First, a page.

• Talk it out in advance: If you’ll be seeing loved ones, find out what precautions everyone will be taking and who will be present. Ask questions about masks, vaccinations, indoor/outdoor events, and other safety factors if no one else has brought them up yet. Have these conversations as far in advance as possible so everyone can be prepared. Remember that traveling still poses a higher level of risk than attending a class at Drexel, and you always have the option of staying at home or taking part in virtual celebrations.
  • Practice saying no: If you don’t feel like a situation is COVID-safe, even if you feel pressure from friends or family, you are allowed to say no. Think through what your boundaries are beforehand and stick to them.
  • It’s okay to feel loss: While we all wish things were completely back to normal this holiday season, we may still have to alter our plans or take precautions that feel disappointing. It’s okay to feel sad, and counselors are available if you want to talk through feelings of grief. To schedule an appointment, students can call 215.895.1415 or email us at counseling@drexel.edu; employees and graduate students can contact Support Link 24/7 by calling 1-888-881-5462; text “SUPPORT” to 51230 or SUPPORTLINC.COM.

Plan Ahead for Travel

There are a plethora of rules and requirements to navigate this year, as well as basic safety precautions to take. If you travel, don’t get tripped up: Figure out your plans well in advance to avoid disruptions and stay safer.

  • If you’re still deciding where to go, consider a destination with lower-than-average rates of COVID-19 transmission, minimizing the chance that you will be exposed. You can see this information for U.S. counties — along with their vaccination rates — on the CDC’s COVID Data Tracker.
  • When traveling, wear a mask, wash your hands or use hand sanitizer, and keep a safe distance from other people as much as possible. If you can avoid crowded modes of transportation, try to do so.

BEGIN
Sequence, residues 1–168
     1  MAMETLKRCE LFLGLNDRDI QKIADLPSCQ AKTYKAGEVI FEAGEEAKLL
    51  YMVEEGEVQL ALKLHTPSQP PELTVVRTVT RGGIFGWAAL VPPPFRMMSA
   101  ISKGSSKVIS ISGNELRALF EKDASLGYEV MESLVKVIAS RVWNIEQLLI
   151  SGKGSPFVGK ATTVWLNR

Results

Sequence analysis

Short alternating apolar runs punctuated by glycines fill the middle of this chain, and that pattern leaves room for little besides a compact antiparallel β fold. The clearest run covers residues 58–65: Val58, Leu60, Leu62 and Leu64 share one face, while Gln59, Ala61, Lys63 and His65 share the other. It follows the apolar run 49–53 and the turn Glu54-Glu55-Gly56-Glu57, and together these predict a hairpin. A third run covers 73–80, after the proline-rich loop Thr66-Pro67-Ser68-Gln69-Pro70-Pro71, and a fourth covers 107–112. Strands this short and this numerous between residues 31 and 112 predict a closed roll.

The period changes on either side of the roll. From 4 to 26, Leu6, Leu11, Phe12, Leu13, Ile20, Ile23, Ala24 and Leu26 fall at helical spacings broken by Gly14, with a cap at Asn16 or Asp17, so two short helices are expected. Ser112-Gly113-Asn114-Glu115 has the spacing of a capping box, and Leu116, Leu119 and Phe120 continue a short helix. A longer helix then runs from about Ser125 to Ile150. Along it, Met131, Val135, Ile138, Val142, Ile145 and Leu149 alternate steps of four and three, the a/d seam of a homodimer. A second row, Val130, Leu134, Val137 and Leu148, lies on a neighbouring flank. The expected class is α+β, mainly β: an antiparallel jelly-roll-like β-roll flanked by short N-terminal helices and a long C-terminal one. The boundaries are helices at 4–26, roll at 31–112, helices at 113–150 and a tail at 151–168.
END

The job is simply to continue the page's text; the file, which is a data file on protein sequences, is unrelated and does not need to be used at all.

• Make sure you have your proof of vaccination, as it’s required for many modes of travel and increasingly at many restaurants and other venues. If you’ve lost your vaccine card, contact the organization that provided you with your vaccine in order to get a replacement. You can also get in touch with your state health department, who can mail or email you a copy of your vaccination card. It may take some time to for you to receive it, so make sure you do this a few weeks in advance at least.
  • If you’re flying or taking a bus or train, look into the rules required by your carrier as early as possible, as different operators may have different rules for passengers to follow. You may be required to take a specific type of COVID-19 test, provide proof of vaccination, or follow other procedures that require advance planning. If you’re traveling with multiple different carriers, be sure to look up the rules for each one. In addition, if you’re flying:
    • TSA currently requires all U.S. air passengers to wear a face mask at all times; check their rules well in advance as well as immediately before you fly to ensure you have the latest information.
    • If you’re traveling internationally, make sure you’ve looked into the rules of the country you’re traveling to. Many countries are currently allowing U.S. travelers entry if they provide proof of vaccination, but this is not guaranteed, and you may be required to quarantine or take a test before or after flying. Know what the requirements are and what documentation you may need to provide. You may be required to pay for testing or quarantine.
    • Make sure to build in additional time to get through airport security, especially now, when both the holidays and staffing issues will affect wait times.

We hope that you and those you love have a safe and happy holiday season, whether near or far.

Thank you, and be well,

Marla J. Gold, MD, FACP
Senior Vice Provost for Community Health and Chief Wellness Officer

Janet Cruz, MD
Director, Student Health Services